I just watched the film Man on Fire again tonight. There are few films more disturbing about vengeance. And despite the success of its anti-hero, I see violence as a poor cathartic. I do not subscribe to the lynch mob calls for oblique justice like those hoping Roman Polanski will be extradited and forced to pay for his own alleged sins and those of a growing mob’s perpetrators of pain. It seems to me that it is a bit late to revisit the morality of either Polanski, his accuser or the reportedly power abusing prosecutors and judges in his case.
My motto has become: “Writing well is the best revenge.” Having to examine, catalogue and give order to horror in order to render it into art can effect great healing. But, I am sympathetic to those who scream our in the name of justice because where forgiveness of abuse is possible, the ability to forget is a myth.
Father Dan Maio, who was in charge of a Pueblo, Colorado youth program in the 1970’s was the epitome of evil: The proverbial wolf in priest’s clothing. Maio, the subject of the poem below, used the power entrusted to him as a priest to emotionally wound dozens of diocesan Catholic youngsters from decent homes and several mentally challenged inmates housed at the Colorado State Hospital. He used drugs, music, personal charm and manipulative psychological seminars and retreats to lure his victims. He was protected by church-bred reverence for his station and the misguided arrogance of accomplices like his assistant Father Jerry Varrone and his confessor Bishop Buswell. This was written both for catharsis and to give credence, and hopefully some measure of comfort, to the pain expressed by those he and others like him have hurt.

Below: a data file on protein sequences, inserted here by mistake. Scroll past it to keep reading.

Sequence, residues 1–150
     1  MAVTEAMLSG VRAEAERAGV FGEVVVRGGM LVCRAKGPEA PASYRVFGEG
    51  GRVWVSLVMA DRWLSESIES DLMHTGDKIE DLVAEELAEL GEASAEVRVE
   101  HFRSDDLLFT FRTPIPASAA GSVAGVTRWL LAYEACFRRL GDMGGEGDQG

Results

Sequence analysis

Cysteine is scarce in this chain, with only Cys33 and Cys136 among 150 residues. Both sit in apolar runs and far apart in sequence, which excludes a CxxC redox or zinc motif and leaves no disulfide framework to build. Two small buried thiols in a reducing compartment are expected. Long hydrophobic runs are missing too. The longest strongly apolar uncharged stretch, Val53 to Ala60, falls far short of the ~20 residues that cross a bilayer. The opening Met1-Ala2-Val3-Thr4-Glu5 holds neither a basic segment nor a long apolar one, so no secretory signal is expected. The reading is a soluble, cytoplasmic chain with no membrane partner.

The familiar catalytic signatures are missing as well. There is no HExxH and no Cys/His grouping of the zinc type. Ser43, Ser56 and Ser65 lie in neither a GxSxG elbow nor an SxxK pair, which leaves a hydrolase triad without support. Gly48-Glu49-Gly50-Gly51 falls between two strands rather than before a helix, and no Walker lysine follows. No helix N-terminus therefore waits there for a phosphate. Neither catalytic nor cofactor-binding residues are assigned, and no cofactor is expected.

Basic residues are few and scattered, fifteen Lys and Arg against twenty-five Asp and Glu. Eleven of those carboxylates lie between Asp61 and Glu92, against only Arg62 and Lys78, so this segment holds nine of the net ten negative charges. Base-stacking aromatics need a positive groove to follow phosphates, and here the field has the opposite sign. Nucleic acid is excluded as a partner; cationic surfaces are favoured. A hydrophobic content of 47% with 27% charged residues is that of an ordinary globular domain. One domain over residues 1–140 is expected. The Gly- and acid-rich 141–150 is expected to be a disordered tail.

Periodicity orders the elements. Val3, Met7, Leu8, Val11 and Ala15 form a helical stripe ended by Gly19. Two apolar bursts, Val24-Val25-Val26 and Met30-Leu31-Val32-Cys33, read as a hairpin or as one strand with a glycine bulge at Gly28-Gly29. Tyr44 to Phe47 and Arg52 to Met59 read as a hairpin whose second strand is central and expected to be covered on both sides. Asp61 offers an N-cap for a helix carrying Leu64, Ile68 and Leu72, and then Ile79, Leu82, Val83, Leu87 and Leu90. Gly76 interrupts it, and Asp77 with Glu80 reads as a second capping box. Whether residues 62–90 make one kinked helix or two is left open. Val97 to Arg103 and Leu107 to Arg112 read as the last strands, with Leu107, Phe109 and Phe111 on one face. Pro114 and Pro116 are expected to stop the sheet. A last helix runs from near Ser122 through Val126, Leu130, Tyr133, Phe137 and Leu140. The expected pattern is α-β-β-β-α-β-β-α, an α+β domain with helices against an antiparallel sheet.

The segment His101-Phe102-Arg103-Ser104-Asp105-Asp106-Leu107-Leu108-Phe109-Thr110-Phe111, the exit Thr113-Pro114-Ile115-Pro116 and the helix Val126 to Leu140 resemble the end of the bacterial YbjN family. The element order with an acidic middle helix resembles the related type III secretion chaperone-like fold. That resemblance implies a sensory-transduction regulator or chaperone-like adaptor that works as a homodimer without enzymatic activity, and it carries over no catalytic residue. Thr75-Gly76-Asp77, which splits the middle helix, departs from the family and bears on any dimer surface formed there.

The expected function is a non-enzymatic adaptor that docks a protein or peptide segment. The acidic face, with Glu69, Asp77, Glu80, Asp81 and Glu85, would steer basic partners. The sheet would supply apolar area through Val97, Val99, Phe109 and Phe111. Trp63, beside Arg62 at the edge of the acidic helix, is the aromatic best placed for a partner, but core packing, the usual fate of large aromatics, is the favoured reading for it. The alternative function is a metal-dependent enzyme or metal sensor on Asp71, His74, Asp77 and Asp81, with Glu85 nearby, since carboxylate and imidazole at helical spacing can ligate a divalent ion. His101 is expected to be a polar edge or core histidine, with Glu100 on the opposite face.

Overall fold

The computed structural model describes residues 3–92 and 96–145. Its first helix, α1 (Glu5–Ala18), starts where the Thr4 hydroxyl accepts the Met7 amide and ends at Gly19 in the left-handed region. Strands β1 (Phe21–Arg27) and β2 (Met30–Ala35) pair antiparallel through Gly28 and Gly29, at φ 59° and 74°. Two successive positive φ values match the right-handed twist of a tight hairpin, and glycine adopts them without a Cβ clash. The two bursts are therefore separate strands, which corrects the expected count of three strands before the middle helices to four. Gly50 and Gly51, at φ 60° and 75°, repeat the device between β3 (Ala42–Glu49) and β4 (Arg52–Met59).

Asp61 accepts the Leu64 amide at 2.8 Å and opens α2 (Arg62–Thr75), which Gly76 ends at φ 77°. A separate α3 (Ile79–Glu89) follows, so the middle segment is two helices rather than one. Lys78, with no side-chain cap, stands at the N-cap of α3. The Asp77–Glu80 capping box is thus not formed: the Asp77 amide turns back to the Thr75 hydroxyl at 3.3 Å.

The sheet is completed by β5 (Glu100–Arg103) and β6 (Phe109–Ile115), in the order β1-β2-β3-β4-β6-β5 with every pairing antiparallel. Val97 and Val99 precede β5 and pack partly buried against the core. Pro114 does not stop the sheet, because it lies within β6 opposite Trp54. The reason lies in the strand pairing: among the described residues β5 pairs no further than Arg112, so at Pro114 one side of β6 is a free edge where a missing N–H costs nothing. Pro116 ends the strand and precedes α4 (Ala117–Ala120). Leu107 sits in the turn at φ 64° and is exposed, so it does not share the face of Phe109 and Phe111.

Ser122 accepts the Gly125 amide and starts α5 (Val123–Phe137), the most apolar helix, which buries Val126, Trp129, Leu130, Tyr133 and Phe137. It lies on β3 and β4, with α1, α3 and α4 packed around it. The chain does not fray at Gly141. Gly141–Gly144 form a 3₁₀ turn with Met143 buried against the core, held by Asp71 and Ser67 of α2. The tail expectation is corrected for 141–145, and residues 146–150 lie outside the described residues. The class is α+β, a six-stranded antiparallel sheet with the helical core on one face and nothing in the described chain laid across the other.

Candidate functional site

Mystery of Faith
There were many boys who knew the sound of black
patent leather coming down the hardwood hall
a floor above the nuns, like Mary Elizabeth,
existing on a belief in simple answers
but who would never feel
the drool, the musk
or late day stubble
on their cheeks
Maybe Sister came here once to answer the same questions:
How do you forget the making and breaking of a spirit?
How do you wash away the incense of aggression?
When does grown-up flesh release its hold
on small bones?
How do women stand it? I cannot forget even one turn of cold brass
or stillness rushing from the room, or prayers taking me
from my body, eyes fixed on the rectory’s stained ceiling.
I would be yanked back by the horrifying
rituals of the familiar: the thin vinegar
of communion wine on his breath,
the tiny cruciform medallion
raping against my chest,
vapors of toxic celibacy
I’d try to hold my breath when he left,
and scrub the stiffening linen,
remove every corporeal trace
of the god who claimed
he was a delinquent’s
last and only chance
Sometimes I thought I knew more about being a woman
than did Sister Mary and I longed for her easy beliefs.
But, I never risked asking the questions
that can destroy such a faith
When do we accept, like her, a God like the wind
who polices the night, rattles doorknobs and whispers
reassuringly to us past locked doors
that I can close my eyes again
to the dark?American Poet in China,poems,Poetry,sexual abuse